- Art fairs: The Ann Arbor Art Fair is a group of four award-winning, not-for-profit United States art fairs that occur annually in Ann Arbor, Michigan, with over 400,000 visitors attending the fairs each year.
- The Woodward Dream Cruise is the world’s largest one-day automotive annual event in Southeast Michigan that features over 40,000 classic cars cruising along a 16-mile stretch of the historic Woodward Avenue, attracting around 1.7 million spectators from across the State and around the globe.
- Music festivals: Well-known examples include Coachella in California, which draws around 99,000 attendees per day, and Glastonbury in the UK, with an average attendance of 135,000 people. In Michigan, we celebrate festival season with a lineup of must-see music festivals stacked with amazing acts, from electronic and hip-hop to country and folk; these festivals will surely have you rocking out all summer!
- Firework shows: The Detroit-Windsor International Freedom Festival began in 1959 as a multi-day celebration, jointly marking both Canada Day on July 1st and America’s Independence Day on July 4th. The two events have now separated, but it is still one of North America’s largest and most spectacular fireworks displays, as it lights up the sky over both cities and draws more than one million people to the Windsor and Detroit riverfronts.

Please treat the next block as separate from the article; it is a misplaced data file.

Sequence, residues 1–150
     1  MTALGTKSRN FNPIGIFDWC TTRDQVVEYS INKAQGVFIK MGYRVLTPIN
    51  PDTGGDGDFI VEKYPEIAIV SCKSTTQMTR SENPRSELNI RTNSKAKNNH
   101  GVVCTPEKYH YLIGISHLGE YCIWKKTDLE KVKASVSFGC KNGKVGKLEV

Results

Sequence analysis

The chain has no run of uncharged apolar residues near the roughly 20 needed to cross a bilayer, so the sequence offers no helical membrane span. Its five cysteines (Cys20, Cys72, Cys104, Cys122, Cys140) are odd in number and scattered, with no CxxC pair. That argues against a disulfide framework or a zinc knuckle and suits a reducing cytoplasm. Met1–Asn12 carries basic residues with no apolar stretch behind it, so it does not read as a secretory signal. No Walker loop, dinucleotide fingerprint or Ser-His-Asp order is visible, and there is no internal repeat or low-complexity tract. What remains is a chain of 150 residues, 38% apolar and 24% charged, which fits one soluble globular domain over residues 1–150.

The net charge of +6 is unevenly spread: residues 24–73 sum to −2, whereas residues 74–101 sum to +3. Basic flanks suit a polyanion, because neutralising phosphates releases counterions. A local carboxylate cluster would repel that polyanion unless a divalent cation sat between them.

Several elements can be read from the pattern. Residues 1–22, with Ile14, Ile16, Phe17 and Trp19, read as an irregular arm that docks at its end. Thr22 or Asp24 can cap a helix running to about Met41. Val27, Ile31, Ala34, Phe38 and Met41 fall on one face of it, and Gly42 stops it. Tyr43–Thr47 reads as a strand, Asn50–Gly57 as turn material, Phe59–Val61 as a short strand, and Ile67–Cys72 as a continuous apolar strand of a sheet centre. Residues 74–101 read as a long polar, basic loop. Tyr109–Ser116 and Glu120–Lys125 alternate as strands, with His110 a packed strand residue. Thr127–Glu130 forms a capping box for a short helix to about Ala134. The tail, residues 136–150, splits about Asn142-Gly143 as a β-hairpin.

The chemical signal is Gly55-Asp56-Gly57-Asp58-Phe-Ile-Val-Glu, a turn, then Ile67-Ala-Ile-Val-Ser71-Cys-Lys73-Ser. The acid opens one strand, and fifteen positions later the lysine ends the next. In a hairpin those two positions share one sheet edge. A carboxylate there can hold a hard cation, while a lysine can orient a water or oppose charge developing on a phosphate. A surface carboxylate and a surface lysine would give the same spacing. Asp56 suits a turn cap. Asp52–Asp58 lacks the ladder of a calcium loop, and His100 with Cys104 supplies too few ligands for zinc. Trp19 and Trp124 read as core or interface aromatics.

- State fairs: The Michigan State Fair is an annual event initially held in Detroit from 1849 to 2009. Agriculture still has a significant place in the Michigan economy, so in 2011, supporters organized the Great Lakes Agricultural Fair, a 501 C (3) organization, to continue the event. Since 2013, it has been organized by the private Michigan State Fair LLC and held in the Suburban Collection Showplace in the Metro Detroit suburb of Novi.
- County fairs: The San Diego County Fair in California is one of the largest county fairs in the country, drawing over 1.5 million visitors annually. It offers entertainment shows, agricultural exhibits, carnival rides, and various food vendors.
- Car shows: The Geneva International Motor Show in Switzerland is a prestigious auto show that attracts over 600,000 visitors and showcases the latest innovations from renowned car manufacturers. And if you are in The Motor City (#puremichigan), you can count on hundreds of car shows each summer, in every town, across the whole Mitten!
What is the difference between a fair and a carnival?
In short, carnivals are small, often traveling, and focus on entertainment. Fairs are larger, often community-sponsored, and feature competitions as well as elements of carnivals.
art fairs car shows caricature drawings carnivals fairs festivals fireworks History of fairs in the world music festivals Types of fairs What is the Difference Between a Fair and a Carnival? What was the largest fair in history? woodward dream cruise